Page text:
Unexpectedly strong prepayment reports issued last week by Fannie Mae and Ginnie Mae knocked the wind out of the mortgage-backed market, particularly the premium coupon sector, and Ginnie Mae bonds had the toughest time of all.

"We were hit hard we weren't expecting those kinds of prints," said an MBS pass-through trader who saw Ginnie 8s and 8.5s trail by three and six basis points, respectively.

Meanwhile, the interest-only (IO) market was down three-quarters of a point as a result of the prematurely fast speeds.

Near close last Wednesday, when the prepayment reports were released, prices were off four to seven ticks in 30-year GNMA 8s and 8.5s, and down three and unchanged in similar coupon conventionals. Prices on discounts, on the other hand, were higher, as investors moved down-in-coupon. However, sources indicated that underperformance in GNMA's was offset by better performance in conventionals.

The prepayment reports came as a huge surprise, as the increases were one month early, sources said. Analysts generally expected a dramatic increase in February's report, with peaks in the March release. However, further efficiencies in the refi process and mortgage banker access to fresh paperwork on new purchase originations from 1999 and 2000 cut down on the lag time, according to researchers at Bear Stearns.

Another concern expressed by Bear Stearns is the fact that 6% and 6.5% pools being formed today are backed primarily by 1999-2000 7.5%-8.5% MBS. These borrowers have not been in their homes as long as the refinancer of 1998, which increases the extension risk in these coupons in the event of a sell-off.

In other observations about the prepayment reports, Bear expects the substantial speed gap between new and seasoned vintages to continue unless mortgage rates move significantly below 7%. In Freddie Mac's latest mortgage rate survey, 30-year mortgage rates dropped 11 basis points to 6.98% for the week ending Feb. 9.

The drop below the 7% psychological level is sure to send the MBS Refi Index even higher, analysts said. Last week, the market received a double whammy of a 30% gain in the Index, and faster-than-expected increases in the prepayment reports for new vintage premiums. With mortgage rates declining, this could keep new vintage speeds at least at peak levels for the following report.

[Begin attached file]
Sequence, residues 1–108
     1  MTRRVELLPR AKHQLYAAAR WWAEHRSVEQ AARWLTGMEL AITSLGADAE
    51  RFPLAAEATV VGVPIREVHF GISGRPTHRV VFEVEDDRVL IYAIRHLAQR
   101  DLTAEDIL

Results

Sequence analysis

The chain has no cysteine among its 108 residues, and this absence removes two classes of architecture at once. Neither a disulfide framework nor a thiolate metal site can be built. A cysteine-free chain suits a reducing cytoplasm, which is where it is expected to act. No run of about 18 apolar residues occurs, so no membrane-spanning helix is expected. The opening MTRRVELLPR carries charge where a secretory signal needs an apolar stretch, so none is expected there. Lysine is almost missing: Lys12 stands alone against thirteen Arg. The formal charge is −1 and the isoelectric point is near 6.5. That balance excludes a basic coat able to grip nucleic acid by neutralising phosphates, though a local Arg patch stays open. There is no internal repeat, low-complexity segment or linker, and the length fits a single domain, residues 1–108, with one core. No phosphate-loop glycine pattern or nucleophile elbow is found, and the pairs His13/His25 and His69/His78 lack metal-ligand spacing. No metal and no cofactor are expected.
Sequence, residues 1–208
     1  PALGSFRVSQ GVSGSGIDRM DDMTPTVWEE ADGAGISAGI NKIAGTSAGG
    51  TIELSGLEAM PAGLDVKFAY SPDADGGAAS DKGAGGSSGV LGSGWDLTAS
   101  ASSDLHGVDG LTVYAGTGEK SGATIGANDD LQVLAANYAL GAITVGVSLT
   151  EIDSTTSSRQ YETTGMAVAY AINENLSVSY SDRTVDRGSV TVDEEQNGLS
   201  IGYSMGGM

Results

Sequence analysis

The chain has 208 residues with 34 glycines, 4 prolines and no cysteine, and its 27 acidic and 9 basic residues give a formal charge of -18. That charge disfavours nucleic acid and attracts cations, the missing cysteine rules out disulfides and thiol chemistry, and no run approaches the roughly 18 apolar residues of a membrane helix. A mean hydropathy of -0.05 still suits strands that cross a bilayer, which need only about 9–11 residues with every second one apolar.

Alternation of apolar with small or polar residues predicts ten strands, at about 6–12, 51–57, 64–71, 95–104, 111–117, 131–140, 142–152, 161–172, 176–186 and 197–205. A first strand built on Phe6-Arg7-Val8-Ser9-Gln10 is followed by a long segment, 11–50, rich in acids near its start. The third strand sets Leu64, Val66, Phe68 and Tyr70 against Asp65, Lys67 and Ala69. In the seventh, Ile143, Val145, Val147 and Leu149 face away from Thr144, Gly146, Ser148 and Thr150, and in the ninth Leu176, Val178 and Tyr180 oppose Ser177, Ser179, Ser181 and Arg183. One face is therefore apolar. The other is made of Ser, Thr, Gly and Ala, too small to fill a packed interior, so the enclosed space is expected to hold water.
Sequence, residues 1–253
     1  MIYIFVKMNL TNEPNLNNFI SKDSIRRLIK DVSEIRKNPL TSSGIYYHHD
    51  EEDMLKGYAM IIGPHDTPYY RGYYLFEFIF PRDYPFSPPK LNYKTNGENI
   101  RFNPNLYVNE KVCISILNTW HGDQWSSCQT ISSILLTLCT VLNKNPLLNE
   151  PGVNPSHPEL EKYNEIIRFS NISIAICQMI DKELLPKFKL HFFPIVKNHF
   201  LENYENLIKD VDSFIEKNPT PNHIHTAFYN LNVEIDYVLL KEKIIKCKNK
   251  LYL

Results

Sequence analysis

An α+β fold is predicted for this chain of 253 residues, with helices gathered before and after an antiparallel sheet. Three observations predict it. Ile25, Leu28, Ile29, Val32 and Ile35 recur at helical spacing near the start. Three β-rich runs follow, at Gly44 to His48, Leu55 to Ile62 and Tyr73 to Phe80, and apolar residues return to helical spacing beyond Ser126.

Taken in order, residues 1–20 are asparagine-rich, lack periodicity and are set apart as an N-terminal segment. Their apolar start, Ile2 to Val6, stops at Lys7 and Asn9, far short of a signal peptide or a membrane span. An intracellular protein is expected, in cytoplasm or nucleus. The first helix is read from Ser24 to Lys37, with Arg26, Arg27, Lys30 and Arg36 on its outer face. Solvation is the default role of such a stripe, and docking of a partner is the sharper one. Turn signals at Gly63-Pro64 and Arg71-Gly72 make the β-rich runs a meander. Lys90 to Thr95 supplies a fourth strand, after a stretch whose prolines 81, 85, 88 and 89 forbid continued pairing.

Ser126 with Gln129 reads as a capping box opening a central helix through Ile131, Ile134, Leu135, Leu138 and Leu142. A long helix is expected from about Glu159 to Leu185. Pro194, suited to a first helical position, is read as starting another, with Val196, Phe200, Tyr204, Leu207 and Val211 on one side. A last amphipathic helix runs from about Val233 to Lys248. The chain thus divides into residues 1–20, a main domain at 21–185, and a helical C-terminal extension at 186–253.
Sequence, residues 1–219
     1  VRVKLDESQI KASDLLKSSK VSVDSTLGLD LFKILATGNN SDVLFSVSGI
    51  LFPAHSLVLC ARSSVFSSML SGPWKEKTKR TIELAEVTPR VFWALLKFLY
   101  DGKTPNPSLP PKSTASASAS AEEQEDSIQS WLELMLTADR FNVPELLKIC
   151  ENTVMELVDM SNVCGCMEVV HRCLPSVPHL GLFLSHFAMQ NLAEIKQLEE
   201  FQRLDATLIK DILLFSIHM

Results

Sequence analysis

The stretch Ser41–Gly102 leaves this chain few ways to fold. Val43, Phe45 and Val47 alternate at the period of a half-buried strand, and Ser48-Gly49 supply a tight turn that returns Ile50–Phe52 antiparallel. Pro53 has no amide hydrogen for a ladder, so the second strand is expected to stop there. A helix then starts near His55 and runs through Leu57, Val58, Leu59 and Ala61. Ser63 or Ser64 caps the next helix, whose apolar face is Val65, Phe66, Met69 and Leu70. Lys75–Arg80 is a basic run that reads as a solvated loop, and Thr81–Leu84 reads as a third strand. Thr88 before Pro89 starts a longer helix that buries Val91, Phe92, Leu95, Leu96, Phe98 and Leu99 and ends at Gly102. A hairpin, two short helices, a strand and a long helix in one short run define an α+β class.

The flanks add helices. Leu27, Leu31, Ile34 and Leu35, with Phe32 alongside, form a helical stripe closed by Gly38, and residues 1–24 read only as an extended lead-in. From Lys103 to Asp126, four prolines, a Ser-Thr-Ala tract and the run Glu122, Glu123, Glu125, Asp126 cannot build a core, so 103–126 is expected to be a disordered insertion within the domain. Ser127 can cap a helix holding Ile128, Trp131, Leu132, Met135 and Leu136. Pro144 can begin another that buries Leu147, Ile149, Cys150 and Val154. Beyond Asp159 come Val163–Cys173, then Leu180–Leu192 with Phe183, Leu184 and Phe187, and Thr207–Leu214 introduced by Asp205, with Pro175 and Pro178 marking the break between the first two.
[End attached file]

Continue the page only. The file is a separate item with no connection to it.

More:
Mortgages got their third strike in the form of the FHLMC mortgage rate survey. Following the prior week's drop to 7.09% from 7.15%, refis surged over 30% to 2612. The current level is only 7% from the high reached this year of 2800. In a press release, FHLMC's economist, Robert Van Order, noted that Freddie Mac's AUS saw a record 506,000 loan evaluations in January, 62% higher than last January. In addition, he suggested that borrowers' perceptions are for further declines in rates on future Fed cuts.

"It is just a lot easier to close a refinancing these days," said an MBS analyst. "With this latest report, obviously it took between two to three weeks to close these refinancings, assuming this is the mid-January spike in applications coming to market."

"This is just a very dynamic market," added a veteran MBS researcher. "A lot is changing for this 2001 refi wave, including people's perception of the markets, news coverage, as well as many other factors. This is the 2001 wave, and it is different than the 1998 wave, which was different than the refi wave that came before that."

Although the speeds logged for Fannie Mae bonds were not necessarily unprecedented, the quick reaction to the prepayment reports this time around was definitely noticeable. "This is definitely surprising, and there was quicker reaction than was anticipated," said David Montano, director of MBS research at Credit Suisse First Boston. "It was out of line with the data from mortgage bankers, although the 15-year numbers were in line with expectations. Ginnie Maes certainly caught the market by surprise."

Montano also said that constant prepayment rate (CPR) speeds for Ginnies could reach the 50 CPR level next month.

"A lot of people were saying that this refi wave was going to be softer than 1998. With market mood as it is now, that is not the case," Montano said.

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